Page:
It was just yesterday that I read Roger Ebert's "Leave Of Presence," an announcement that he'd be stepping away from the day-to-day grind and only review those movies he truly loved. Most likely, he loved them all. Even the bad ones. Maybe especially the bad ones if it inspired a great column or classic spat with his also departed sparring partner, Gene Siskel.
Anyone who writes about visual media owes something to Roger. Anyone who needs to wade through the good, the bad, the ugly and consider it all on their own individual terms could learn something from his career. And the fact he finally stepped away mere days before he passed — even after battling cancer for years, losing his jaw and the ability to eat and speak — is a testament to what it took to pull him from his calling.
There's not really a music video angle here, except of course, there is...
Roger Ebert didn't discuss music videos very much. Movies and music videos are two very different entities: A typical movie in the theater asks for $10 and two hours of your undivided attention. A music video barely asks for four minutes and hopefully some of your attention. Bad movies are to be flagged and avoided. A bad music video? In the internet age you can make up your mind in a few seconds and move onto the next one. Smaller stakes, as they say.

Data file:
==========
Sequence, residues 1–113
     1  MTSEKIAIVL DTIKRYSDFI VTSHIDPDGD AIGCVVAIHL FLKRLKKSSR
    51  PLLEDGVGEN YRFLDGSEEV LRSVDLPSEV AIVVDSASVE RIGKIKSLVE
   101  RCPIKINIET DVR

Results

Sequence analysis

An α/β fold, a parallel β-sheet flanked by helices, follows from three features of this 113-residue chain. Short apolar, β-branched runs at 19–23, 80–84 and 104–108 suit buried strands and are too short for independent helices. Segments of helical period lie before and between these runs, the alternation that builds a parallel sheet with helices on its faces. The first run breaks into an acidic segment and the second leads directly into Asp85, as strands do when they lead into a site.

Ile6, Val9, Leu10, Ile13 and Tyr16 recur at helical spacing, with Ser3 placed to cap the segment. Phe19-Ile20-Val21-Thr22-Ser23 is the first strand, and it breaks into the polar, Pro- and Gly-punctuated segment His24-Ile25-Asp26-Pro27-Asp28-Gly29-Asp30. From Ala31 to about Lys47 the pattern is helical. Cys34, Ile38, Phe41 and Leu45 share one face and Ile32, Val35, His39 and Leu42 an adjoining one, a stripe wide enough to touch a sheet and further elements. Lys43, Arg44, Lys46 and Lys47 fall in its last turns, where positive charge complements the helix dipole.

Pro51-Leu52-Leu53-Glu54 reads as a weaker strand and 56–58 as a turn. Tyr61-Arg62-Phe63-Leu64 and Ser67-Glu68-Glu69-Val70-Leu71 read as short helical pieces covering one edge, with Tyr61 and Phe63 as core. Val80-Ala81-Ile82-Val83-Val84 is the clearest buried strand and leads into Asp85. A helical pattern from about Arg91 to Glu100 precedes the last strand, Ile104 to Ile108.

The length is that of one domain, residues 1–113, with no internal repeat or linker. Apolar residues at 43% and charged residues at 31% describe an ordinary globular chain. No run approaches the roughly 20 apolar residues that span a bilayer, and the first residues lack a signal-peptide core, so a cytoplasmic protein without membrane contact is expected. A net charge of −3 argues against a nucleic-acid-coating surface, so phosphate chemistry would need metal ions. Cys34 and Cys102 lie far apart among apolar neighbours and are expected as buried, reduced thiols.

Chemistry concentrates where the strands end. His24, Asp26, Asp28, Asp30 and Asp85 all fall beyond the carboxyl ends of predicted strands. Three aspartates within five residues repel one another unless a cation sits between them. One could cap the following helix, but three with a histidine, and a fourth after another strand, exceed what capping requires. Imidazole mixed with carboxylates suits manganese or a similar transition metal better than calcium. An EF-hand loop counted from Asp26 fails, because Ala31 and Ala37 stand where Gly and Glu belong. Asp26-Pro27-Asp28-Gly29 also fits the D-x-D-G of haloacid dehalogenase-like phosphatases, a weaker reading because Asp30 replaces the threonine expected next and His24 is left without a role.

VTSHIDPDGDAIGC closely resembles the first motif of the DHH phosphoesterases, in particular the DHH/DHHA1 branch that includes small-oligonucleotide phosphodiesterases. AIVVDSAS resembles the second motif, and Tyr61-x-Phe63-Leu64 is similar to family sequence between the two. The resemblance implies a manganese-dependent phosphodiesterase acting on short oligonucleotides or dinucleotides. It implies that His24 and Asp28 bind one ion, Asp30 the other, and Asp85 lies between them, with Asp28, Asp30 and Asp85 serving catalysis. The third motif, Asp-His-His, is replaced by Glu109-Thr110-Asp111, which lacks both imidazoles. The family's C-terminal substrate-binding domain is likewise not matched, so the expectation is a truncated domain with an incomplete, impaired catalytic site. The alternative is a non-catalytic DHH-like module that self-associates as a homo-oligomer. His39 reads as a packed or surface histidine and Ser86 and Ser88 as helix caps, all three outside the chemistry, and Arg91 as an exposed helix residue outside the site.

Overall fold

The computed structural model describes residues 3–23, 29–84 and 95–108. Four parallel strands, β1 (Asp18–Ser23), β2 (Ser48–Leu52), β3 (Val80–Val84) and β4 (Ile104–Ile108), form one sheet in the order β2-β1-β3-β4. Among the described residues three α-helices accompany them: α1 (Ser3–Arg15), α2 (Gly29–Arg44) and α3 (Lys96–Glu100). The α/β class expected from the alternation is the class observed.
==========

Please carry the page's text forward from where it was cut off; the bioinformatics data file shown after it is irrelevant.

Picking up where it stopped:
He did coin the phrase Semi-OMV (Semi-Obligatory Music Video) in his Movie Glossary, describing an approximately three minute movie sequence in which "a song is played at top volume while movie characters experience spasms of hyperkinetic behavior and stick their faces into the camera lens." So, clearly, he saw his fair share of bad videos.
A better and more telling example has to do with Grand Rapids, MI; a city that was named by Newsweek to a list of Top 10 Dying Cities. The fine folks of Grand Rapids decided to show some life and filmed a massive, one-take lip-dub video: 5,000 people taking over the city for a lipdub of Don McLean's "American Pie."
That cover video — made by proud Mid-Westerners who weren't about to be told by some NYC magazine people that they occupied a dead city — was the one that Roget Ebert publicly declared "The Greatest Music Video Ever Made." Not "Thriller." Not some artsy, high-concept video. A lipdub — possibly the lowest form of music video, but done here on an epic scale by regular people with something to prove — was the greatest music video ever made.
And that's a beautiful fucking thing.
R.I.P. Roger Ebert.